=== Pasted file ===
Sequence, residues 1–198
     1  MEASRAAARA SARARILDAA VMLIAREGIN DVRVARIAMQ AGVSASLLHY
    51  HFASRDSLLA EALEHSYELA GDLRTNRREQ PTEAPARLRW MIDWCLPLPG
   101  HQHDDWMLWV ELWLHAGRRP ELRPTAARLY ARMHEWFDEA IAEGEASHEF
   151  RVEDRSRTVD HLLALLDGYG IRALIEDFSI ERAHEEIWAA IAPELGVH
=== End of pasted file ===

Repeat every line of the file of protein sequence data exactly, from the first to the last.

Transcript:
Sequence, residues 1–198
     1  MEASRAAARA SARARILDAA VMLIAREGIN DVRVARIAMQ AGVSASLLHY
    51  HFASRDSLLA EALEHSYELA GDLRTNRREQ PTEAPARLRW MIDWCLPLPG
   101  HQHDDWMLWV ELWLHAGRRP ELRPTAARLY ARMHEWFDEA IAEGEASHEF
   151  RVEDRSRTVD HLLALLDGYG IRALIEDFSI ERAHEEIWAA IAPELGVH